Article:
Patients with rheumatoid arthritis need proper management and control of their symptoms to improve the quality of life. Although taking analgesic medicines for a long duration of time leads to gastric problems but it is important to give patient some relief from disturbing pain and inflammation.
Non Pharmacological Management
- Encourage regular exercise, physio and occupational therapy.
- Provide household aids and personal aids e.g wrist splints.
- Good mental and social support to improve life style and cope up with the disease.
If there is no contraindication e.g an active peptic ulcer start with an NSAID, such as ibuprofen. There is no single NSAID that is superior to other agents, and newer agents have not been shown to have a decreased incidence in toxicity. If patient cannot tolerate NSAIDs then consider COX2 inhibitors that prevents gastrointestinal side effects.
Steroids may decrease joint damage and control difficult symptoms but using them for prolonged period of time leads to decreased bone density and predisposition to osteoporosis as well as other side effects related to prolonged steroid use.
Disease Modifying Drugs
Start DMARDs if there is persisting synovitis for more than 6 weeks. Sulfasalazine and methotrexate are typical 1st choices and are often used together. The drugs included in this group include: Continue reading “Treatment Options For Rheumatoid Arthritis”
An anal fissure is a cutaneous tear in the ectodermal portion of the anal canal and is usually found in the postero-lateral wall or in other words at 12 o’clock or 6 o’clock positions around the anal circumference.
- It commonly occurs after a bout of constipation and is very painful.
- Patients find themselves in a vicious circle where they appreciate that the next bout of defecation will be painful, hence they avoid passing a stool and progressively become more constipated.
- When the bowel is eventually opened the tear is made more worse.
- Fresh bleeding is common and this can be a cause of bleeding per rectum in many patients.
Clinical Diagnostic Feature
A diagnostic feature of an anal fissure is anal pain after defecation and in chronic cases the skin at the lower part of the fissure becomes swollen and can be used as a marker of an anal fissure- the sentinel pile. This may be the only sign of a chronic anal fissure and it is often too painful to examine the patient proctoscopically.
Anal fissures are very common in young infants, but may occur at any age. The rate of anal fissures drops with age. Fissures are much less common among school-aged children than infants.
In adults, fissures may be caused by passing large, hard stools, or by having diarrhea for a long time. Other factors may include:
- Decreased blood flow to the area in older adults
- Too much tension in the sphincter muscles that control the anus
Anal fissures are also common in women after childbirth and in persons with Crohn’s disease.
Most fissures heal on their own and do not need treatment. To prevent or treat anal fissures in infants, be sure to change diapers often and clean the area gently. Continue reading “Brief Summary About Anal Fissure”
Sabaceous cyst which is also known as an epidermoid cyst is derived from hair follicles and it is a closed sac under the skin that is filled with a cheese like or oily material. It may be felt as small lumps or bumps under the skin.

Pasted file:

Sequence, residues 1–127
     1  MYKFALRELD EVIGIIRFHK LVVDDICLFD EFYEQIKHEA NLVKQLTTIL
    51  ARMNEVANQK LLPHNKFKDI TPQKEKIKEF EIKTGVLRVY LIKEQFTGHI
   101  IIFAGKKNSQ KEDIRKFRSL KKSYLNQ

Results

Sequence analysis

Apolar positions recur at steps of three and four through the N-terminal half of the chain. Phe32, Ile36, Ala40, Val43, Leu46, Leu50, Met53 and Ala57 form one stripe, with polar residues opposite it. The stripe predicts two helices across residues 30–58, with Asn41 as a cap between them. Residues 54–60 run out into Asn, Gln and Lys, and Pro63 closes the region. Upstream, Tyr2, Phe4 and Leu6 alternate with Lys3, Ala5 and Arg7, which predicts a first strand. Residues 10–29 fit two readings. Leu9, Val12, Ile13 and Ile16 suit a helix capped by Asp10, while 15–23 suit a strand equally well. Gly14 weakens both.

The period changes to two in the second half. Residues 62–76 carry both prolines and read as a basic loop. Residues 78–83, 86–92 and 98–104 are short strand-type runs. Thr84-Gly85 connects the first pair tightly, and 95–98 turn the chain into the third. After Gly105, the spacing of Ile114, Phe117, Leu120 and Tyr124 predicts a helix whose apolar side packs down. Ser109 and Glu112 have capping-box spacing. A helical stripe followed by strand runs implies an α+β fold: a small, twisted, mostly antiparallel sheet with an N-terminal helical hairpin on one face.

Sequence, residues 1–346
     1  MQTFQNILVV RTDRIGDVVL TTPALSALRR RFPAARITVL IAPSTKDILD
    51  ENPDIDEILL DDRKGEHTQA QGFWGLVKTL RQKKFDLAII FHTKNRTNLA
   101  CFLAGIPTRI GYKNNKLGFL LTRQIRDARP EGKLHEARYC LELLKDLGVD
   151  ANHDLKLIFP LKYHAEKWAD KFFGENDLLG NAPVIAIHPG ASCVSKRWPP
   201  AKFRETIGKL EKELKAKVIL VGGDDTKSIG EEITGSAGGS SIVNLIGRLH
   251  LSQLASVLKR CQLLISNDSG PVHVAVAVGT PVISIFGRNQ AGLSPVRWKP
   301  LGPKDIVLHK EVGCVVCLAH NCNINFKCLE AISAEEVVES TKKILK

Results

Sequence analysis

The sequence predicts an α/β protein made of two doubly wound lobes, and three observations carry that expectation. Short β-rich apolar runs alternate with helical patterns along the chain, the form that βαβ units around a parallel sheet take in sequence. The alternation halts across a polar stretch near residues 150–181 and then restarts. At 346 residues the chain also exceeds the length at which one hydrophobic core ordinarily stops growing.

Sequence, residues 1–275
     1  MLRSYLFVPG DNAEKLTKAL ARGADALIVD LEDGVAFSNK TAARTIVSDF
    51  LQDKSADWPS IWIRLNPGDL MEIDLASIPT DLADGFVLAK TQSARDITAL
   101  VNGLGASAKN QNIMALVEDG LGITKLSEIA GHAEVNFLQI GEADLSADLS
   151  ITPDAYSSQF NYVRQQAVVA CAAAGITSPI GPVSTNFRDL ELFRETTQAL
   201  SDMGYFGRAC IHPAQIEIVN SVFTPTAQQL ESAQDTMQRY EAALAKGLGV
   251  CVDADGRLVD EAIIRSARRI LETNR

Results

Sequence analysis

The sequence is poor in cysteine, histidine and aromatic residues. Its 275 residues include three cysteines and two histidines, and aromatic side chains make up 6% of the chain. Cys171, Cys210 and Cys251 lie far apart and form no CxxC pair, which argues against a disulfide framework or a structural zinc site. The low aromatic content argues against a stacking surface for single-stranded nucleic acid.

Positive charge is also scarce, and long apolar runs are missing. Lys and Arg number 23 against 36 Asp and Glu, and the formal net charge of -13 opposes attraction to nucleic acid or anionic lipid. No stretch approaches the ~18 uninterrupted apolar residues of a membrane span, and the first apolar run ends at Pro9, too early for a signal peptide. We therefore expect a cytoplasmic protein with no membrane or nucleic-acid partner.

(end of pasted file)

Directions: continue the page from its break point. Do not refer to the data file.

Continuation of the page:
Sabaceous cyst represent one of the commonest skin lesions, occurring at any age after childhood. They are often multiple and occur in any hair bearing site on the body most commonly on the trunk, face and neck and particularly on the scalp and scrotum. They do not occur on the palms and soles.
The main symptom is usually a small, non-painful lump beneath the skin.
If the lump becomes infected or inflamed, other symptoms may include:
- Skin redness
- Tender or sore skin
- Warm skin in the affected area
Grayish-white, cheesy, foul-smelling material may drain from the cyst.
The lesions are well defined and hemi spherical, growing slowly from 1-2 cm across. they lie in the subcutaneous tissue but are tethered to the skin by blocked duct, there being a pit on the surface at the site of hair follicle. gentle squeezing of the skin over the cyst demonstrates this point of tethering though the punctum is sometimes difficult to demonstrate, particularly over the scalp; when present it is diagnostic.
Important things to remember in relation to sabaceous cysts
- Sabaceous cysts are associated with osteomas and intestinal polyps in Gardner’s syndrome.
- Sabaceous cysts may occasionally ulcerate and in these cases can look very much like a malignant skin lesion.
Sebaceous cysts most often arise from swollen hair follicles. Skin trauma can also induce a cyst to form. Excessive testosterone production will also cause such cysts. Continue reading “A Brief Introduction To Sabaceous Cyst”
The skin functions as a barrier against potentially harmful physical and chemical agents as well as against different microorganisms. Sometimes different features may be seen that help to differentiate different systemic diseases. A brief list of the skin manifestations of non malignant systemic diseases is given here:
- Collagen disease
- Mitral valve disease
- Superior vena caval obstruction
- Liver disease
- Hyperviscosity syndrome
2. Erythema Multiforme
- Inflammatory bowel disease
- Rheumatoid arthritis
- Viral Infections
- Collagen disorders
- Hereditary angioneurotic edema
- Urtricaria pigmentosa
- Henoch-Schonlein purpura
- Cold aglutinins
- Vitamin deficiencies
- Refsum’s and Reiter’s diseases
5. Papules and Nodules Continue reading “Skin Manifestations Of Non Malignant Systemic Diseases”